AN INSURANCE company warned today that the Nintendo Wii can potentially cause serious damage to your TV and various other household goods.
Over-excited players can throw the Wii’s motion-sensitive controllers at TV screens causing thousands of pounds worth of damage, according to research commissioned by Halifax Home Insurance.
TVs employing LCD and plasma technology are most at risk due to their delicate screens.
Martyn Foulds, Head of Claims for Halifax Home Insurance, said: "We have noticed several home insurance claims for television screen damage coming through recently from people who have accidentally let go of the Wii handset, and with sales set to soar this Christmas, we anticipate lots more of these in the New Year.
“With some plasma screen TVs retailing at over £2,000, householders would be well advised to make sure they are properly covered and tell their insurer if they have a television of high value."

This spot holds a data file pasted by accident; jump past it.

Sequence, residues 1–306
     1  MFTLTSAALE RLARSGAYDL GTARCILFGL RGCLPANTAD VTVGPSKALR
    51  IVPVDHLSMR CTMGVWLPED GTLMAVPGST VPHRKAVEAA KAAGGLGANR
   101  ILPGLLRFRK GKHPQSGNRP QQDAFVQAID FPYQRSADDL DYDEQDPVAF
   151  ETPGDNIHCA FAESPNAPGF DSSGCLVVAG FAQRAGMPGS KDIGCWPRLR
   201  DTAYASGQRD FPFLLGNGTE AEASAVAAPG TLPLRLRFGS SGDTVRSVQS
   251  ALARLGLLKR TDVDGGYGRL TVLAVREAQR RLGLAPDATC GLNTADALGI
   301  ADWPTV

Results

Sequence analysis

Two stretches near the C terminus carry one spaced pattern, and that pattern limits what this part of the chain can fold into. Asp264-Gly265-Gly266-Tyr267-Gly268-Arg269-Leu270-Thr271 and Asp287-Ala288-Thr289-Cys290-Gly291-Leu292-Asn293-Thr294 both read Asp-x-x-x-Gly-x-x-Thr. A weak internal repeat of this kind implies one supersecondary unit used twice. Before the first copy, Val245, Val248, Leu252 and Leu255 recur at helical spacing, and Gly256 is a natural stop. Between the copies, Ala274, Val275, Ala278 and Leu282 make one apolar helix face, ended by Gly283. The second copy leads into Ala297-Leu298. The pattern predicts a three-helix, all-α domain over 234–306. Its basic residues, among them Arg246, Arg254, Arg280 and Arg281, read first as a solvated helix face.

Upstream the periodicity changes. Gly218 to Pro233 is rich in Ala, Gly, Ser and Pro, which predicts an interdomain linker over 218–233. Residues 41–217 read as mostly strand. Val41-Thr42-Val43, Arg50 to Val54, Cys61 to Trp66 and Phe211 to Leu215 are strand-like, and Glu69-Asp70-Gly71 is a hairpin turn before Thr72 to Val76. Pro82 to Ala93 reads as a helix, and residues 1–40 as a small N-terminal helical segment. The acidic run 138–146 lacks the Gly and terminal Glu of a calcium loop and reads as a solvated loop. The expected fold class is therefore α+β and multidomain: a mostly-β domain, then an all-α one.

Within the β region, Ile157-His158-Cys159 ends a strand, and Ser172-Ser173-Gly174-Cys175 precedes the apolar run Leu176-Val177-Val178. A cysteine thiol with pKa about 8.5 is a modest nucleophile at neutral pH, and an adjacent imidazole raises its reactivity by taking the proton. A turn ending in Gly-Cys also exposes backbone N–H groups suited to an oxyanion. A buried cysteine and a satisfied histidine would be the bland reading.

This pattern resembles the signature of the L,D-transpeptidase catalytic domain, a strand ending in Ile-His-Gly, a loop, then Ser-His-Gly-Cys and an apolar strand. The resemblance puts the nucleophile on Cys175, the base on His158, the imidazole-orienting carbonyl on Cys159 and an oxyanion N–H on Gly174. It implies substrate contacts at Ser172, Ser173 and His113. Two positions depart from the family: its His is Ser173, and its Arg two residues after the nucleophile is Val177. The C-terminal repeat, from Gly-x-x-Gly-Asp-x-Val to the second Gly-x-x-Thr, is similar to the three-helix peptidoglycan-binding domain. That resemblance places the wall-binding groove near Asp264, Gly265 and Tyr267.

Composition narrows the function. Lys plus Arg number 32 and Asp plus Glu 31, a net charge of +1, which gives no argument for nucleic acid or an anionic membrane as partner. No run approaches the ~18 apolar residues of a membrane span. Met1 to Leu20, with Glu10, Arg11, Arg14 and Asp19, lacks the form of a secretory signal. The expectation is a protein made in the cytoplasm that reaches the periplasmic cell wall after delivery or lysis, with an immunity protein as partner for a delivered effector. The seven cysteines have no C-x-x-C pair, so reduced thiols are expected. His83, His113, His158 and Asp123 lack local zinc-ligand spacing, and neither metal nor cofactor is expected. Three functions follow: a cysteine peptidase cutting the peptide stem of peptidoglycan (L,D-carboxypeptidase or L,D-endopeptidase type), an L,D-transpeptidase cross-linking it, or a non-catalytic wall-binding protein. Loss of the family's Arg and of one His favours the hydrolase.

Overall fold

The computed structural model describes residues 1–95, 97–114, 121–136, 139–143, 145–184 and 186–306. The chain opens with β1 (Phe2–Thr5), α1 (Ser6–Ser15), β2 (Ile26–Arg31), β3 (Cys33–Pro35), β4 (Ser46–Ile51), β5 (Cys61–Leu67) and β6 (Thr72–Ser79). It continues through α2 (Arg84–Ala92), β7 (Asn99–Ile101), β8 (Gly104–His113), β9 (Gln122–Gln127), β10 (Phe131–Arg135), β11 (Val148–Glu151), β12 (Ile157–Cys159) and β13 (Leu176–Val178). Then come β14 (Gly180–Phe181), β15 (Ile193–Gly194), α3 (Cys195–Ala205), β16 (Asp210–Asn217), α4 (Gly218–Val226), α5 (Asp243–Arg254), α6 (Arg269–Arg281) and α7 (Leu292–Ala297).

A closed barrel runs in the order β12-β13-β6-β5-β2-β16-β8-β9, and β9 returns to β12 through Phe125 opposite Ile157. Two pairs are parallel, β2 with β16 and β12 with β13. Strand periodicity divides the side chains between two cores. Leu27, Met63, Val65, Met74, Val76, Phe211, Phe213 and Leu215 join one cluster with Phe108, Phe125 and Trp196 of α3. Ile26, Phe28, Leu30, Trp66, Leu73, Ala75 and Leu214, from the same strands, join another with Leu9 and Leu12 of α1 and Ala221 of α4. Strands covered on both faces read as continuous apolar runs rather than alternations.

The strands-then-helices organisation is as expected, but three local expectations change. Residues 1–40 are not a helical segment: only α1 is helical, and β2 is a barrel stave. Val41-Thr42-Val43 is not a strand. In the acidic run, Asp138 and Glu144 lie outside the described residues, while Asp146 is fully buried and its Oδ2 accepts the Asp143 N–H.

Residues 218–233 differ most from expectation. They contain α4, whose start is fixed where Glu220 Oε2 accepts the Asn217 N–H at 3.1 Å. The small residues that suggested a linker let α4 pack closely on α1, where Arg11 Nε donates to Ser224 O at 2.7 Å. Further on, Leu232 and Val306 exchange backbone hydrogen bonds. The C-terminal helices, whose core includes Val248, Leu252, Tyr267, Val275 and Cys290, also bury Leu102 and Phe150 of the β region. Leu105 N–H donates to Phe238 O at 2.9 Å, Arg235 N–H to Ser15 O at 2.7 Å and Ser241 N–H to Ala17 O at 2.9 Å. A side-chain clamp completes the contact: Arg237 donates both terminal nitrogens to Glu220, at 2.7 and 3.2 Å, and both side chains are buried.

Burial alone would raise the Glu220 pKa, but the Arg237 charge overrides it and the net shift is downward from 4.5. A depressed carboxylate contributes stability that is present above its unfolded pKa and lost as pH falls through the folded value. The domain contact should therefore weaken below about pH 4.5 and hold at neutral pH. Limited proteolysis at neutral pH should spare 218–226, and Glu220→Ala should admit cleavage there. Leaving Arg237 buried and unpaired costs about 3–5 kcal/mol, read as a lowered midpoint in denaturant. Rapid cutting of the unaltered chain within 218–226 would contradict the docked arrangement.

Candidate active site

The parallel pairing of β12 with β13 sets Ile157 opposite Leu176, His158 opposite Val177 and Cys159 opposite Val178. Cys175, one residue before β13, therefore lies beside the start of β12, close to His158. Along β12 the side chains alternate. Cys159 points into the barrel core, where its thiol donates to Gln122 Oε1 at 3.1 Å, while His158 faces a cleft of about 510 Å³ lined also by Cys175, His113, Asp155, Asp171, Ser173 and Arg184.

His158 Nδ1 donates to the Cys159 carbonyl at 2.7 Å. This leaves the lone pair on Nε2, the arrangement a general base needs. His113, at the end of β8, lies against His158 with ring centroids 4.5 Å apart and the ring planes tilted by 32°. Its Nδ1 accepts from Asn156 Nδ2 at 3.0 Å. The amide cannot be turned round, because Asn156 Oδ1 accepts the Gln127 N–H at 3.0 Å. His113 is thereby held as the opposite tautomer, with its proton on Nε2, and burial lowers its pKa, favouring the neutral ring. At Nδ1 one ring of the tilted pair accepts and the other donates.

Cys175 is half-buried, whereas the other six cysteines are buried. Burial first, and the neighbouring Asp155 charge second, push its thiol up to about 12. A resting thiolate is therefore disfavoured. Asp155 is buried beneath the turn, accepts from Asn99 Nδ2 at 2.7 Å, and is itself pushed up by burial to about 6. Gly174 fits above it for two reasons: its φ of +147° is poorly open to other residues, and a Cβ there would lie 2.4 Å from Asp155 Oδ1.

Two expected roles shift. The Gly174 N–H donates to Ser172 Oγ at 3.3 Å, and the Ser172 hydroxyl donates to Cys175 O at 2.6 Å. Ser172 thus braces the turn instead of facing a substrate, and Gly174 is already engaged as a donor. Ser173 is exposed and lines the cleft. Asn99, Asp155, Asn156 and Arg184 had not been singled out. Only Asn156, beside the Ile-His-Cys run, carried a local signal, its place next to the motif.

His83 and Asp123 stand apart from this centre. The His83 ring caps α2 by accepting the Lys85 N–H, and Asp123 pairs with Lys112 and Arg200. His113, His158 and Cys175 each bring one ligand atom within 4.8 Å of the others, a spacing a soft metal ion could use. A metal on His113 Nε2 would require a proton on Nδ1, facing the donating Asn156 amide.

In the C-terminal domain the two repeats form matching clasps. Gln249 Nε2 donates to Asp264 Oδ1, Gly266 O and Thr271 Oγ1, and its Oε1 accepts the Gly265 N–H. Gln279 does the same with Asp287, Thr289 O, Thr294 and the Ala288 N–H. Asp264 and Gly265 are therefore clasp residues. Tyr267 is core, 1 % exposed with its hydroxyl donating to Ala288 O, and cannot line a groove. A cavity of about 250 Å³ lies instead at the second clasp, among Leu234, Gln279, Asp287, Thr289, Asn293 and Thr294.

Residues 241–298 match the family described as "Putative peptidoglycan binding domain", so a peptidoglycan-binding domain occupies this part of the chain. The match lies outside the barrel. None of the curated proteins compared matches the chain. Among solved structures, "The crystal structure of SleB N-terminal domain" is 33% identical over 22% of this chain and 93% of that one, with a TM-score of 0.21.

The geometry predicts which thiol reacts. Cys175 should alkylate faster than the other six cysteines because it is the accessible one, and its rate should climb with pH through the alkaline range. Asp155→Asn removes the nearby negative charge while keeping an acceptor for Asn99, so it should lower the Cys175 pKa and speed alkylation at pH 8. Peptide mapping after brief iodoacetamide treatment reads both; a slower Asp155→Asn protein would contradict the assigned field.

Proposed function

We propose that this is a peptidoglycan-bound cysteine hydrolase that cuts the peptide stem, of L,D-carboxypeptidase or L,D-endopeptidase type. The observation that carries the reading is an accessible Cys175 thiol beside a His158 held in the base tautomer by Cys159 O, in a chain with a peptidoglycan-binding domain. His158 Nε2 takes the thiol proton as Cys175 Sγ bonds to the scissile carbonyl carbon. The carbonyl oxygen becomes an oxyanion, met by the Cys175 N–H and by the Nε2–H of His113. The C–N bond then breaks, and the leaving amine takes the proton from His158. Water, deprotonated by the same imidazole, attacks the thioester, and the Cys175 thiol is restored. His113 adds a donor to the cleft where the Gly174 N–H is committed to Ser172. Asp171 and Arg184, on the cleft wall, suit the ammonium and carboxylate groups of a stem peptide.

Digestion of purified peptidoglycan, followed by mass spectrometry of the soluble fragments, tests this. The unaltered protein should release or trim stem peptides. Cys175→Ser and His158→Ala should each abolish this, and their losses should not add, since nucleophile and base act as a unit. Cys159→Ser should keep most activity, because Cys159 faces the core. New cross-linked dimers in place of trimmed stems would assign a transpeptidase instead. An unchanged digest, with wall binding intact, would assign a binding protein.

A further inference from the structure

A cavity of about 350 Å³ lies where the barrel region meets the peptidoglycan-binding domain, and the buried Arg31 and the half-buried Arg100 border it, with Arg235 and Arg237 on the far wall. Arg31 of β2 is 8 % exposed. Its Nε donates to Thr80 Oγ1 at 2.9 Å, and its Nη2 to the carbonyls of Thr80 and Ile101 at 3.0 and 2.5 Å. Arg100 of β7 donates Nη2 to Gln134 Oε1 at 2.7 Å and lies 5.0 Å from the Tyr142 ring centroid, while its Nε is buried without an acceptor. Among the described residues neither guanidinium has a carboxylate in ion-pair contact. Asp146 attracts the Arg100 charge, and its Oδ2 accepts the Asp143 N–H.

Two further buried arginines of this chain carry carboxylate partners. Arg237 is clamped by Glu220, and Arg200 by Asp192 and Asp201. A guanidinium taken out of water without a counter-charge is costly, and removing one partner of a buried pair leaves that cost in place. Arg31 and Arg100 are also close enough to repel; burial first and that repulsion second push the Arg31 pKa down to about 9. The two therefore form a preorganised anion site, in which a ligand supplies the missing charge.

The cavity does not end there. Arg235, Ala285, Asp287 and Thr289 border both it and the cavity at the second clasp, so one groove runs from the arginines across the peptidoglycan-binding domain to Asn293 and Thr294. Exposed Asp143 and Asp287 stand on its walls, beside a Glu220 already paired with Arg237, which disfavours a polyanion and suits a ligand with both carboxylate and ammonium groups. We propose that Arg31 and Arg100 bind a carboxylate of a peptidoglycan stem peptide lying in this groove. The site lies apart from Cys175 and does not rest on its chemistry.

The Wii looks set to be the most sought after Christmas gift this year with retailers selling out of the videogames console all around the country.
Specialist website Gaming Today reports that online retailers Dixons sold out of thousands within hours, whilst Amazon reportedly sold over 1400 units within 10 minutes.
The Halifax research also found that other pop iPods, MP3 players, designer jewellery, flat screens/HD TVs and DVD recorders/players.
Are you a one man demolition crew with your Wii-mote and nunchuck, or do you deem this article a lot of nonsense?
16:09:27 29 January 2008
If you were to say that about the Wii, you can say that about any consol with a wireless controller. Maybe you get 'over excited' with your 360 controller, and seeing as it may be wireless, happen to let it go flying into your expensive plasma screen. At least the Wii-mote has the sense to have a sturdy strap on it to keep it firm to the players wrist. Not only that, it has warning screens at the start of every game highlighting the potential 'damage' that can be done, and yet another warning screen urging players to strap the Wii-mote on. I don't recall any other system providing wireless controllers having these warning screens and constant reminders. Claims should be denied to the people who were well informed and aware of the 'risks' of handeling a Wii-mote.